Never mind the teeth, “Sonic the Hedgehog” was one of the first major video games with an environmentalist narrative. Here’s what the filmmakers missed.
There’s a scene in “Sonic the Hedgehog” in which the blue hero rushes to the Pacific Ocean and returns in an instant, bringing with him pollutants and a flopping fish. The fish is left on the beach by Sonic, presumably to die, this despite the hyper-fast creature having the ability to return it to water in the blink of an eye.
The moment makes it clear that “Sonic the Hedgehog” the film isn’t particularly interested in the themes of “Sonic the Hedgehog” the game.
Adapting “Sonic the Hedgehog,” of course, was no easy task. The character, like Nintendo’s Mario or Disney’s Mickey Mouse, exists today primarily as a malleable brand icon, a blue-furred creature who serves the product that’s needed. What’s more, even the core “Sonic” games lacked linear narratives in the traditional sense, thriving primarily as colorful vistas and environments for exploration and challenges.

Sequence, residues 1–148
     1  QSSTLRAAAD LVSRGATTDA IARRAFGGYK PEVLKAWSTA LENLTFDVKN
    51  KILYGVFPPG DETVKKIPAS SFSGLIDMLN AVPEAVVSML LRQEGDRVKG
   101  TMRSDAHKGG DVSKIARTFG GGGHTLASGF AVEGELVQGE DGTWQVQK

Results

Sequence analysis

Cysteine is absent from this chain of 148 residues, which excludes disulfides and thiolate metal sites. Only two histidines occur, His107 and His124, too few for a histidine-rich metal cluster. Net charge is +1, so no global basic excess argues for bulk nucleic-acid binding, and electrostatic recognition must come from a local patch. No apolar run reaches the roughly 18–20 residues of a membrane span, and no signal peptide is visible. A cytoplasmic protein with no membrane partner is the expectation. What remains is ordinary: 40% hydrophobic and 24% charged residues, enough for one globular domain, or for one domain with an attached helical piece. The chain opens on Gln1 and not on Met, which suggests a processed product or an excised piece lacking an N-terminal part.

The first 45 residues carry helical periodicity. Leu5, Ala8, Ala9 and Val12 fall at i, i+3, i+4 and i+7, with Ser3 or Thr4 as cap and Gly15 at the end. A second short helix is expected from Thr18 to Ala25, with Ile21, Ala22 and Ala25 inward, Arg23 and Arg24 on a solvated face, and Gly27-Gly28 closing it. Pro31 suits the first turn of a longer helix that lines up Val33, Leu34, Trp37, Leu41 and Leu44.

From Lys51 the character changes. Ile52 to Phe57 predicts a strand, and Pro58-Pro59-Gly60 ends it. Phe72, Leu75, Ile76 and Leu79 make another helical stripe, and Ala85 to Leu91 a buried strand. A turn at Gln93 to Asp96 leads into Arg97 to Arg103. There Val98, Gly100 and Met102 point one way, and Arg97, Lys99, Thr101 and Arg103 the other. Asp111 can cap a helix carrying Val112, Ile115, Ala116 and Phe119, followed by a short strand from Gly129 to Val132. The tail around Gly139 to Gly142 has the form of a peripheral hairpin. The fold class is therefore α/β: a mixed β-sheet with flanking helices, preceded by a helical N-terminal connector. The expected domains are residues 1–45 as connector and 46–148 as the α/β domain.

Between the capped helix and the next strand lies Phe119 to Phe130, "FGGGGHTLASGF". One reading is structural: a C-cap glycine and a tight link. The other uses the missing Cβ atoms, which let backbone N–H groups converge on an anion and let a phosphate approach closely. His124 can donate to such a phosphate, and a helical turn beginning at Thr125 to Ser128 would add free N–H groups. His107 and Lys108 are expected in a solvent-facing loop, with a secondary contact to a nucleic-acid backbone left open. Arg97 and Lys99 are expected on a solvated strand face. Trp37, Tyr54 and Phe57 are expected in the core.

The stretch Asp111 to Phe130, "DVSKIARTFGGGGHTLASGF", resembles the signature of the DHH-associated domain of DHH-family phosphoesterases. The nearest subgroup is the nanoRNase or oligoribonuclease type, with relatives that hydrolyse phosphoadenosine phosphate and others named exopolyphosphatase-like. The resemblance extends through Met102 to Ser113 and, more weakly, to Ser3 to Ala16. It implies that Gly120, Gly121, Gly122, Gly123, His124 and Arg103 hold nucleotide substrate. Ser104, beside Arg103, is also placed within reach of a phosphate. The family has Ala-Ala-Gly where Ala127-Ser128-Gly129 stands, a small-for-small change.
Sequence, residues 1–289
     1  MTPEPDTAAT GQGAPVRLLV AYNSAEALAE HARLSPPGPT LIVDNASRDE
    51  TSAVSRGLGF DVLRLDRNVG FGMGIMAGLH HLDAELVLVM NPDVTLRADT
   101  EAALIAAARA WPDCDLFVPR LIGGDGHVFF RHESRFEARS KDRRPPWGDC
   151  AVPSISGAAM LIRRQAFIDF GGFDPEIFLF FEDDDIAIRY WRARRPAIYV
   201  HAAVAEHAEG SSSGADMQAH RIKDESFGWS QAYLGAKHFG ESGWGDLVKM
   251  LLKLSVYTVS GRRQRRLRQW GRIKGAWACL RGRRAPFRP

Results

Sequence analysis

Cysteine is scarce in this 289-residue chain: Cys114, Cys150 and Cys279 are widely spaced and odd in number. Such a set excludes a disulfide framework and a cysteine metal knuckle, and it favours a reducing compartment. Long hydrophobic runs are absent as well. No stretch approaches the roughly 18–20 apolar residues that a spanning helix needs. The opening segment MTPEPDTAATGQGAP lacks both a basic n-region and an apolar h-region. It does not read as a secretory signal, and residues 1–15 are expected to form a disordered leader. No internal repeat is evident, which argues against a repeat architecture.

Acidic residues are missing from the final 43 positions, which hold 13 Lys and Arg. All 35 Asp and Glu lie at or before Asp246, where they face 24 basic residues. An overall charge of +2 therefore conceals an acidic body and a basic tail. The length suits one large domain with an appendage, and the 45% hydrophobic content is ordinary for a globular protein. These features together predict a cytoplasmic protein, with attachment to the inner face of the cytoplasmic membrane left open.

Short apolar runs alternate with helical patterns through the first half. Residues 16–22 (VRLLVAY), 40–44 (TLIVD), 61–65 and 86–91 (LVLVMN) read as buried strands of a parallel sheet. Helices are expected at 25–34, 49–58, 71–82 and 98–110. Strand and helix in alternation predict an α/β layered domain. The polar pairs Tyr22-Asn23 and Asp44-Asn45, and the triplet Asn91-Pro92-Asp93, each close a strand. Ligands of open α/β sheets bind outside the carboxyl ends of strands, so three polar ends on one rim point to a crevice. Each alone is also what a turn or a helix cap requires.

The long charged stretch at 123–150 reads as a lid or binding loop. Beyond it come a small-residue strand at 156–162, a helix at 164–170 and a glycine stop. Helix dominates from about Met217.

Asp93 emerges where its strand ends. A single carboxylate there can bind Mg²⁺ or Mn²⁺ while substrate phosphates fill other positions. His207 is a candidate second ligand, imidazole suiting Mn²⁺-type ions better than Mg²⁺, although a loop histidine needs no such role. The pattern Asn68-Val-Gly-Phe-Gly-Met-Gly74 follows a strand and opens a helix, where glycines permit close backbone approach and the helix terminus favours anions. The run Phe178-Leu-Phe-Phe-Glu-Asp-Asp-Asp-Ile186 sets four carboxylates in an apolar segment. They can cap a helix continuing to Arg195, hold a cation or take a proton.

And yet there was clear hunger for the “Sonic the Hedgehog” film — it finished the holiday weekend with an opening box office tally of around $70 million. Although a trail of failed video game adaptations preceded it (last year’s “Pokémon Detective Pikachu” notwithstanding), “Sonic” has thus far proved to be the rare exception when it comes to melding games with cinema; here is a character we apparently want to watch as well as interact with.